- Reading, writing and math skills can be enhanced through the arts. For example:
Students who participated in the "Learning to Read Through the Arts" program in New York City improved an average of one to two months in reading for each month they participated in the program.
"Humanitas Program" students in Los Angeles high schools showed more conceptual understanding of history and made more interdisciplinary references than non-Humanitas students. Low-achieving students made gains equivalent to those made by high-achieving students.
The most total gains in total reading, reading vocabulary and reading comprehension were made by elementary students in the "Spectra+" arts program in Ohio compared to the control group. The students also scored better in math comprehension.
Vocabulary and reading comprehension were significantly improved for elementary students in the "Arts Alternatives" program in New Jersey. A strong connection between drama skills and literacy was found in the program, which involved role-playing, improvisational techniques and story-writing activities.
- Creativity is naturally developed through the arts. Total creativity measures were four times higher for elementary students in an arts curriculum than for the control groups in two Ohio school districts, according to Richard L. Luftig's "The Schooled Mind: Do the Arts Make a Difference?" Gains were maintained, and students continued to improve in a second-year evaluation.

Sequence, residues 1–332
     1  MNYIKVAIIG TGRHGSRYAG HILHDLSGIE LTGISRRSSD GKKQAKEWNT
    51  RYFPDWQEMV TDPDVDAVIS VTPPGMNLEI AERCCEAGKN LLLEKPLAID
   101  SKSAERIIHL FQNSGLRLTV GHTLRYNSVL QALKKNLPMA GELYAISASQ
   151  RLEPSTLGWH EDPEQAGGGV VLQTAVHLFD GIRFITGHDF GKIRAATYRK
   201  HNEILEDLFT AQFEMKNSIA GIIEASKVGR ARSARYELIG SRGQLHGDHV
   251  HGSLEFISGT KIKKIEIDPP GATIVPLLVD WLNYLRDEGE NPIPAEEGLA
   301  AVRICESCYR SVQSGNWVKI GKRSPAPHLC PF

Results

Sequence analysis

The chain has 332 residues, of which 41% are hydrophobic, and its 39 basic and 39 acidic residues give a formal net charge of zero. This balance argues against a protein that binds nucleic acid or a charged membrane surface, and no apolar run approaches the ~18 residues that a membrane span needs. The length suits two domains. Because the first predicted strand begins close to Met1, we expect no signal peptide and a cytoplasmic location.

- The arts can transform the classroom environment, making learning a lively, invigorating experience. "Classes were more interactive, there were more student-initiated topics and discussions, more time was devoted to literacy activities and problem-solving activities in schools using the arts-based `Different Ways of Knowing' program," according to a report by James S. Catterall.
- High-risk students are helped through the arts. Many students find that the arts help them master academic skills. Drawing helps writing. Song and poetry make facts memorable. Drama makes history more vivid and real. Creative movement makes processes understandable. This is doubly true for the high-risk student, who often excels for the first time in an arts program.
High-risk elementary students with one year in the "Different Ways of Knowing" program gained 8 percentile points on standardized language arts tests, for example. And 75 percent of high-risk high school students who participate in Manchester Craftsmen's Guild in Pittsburgh go on to college.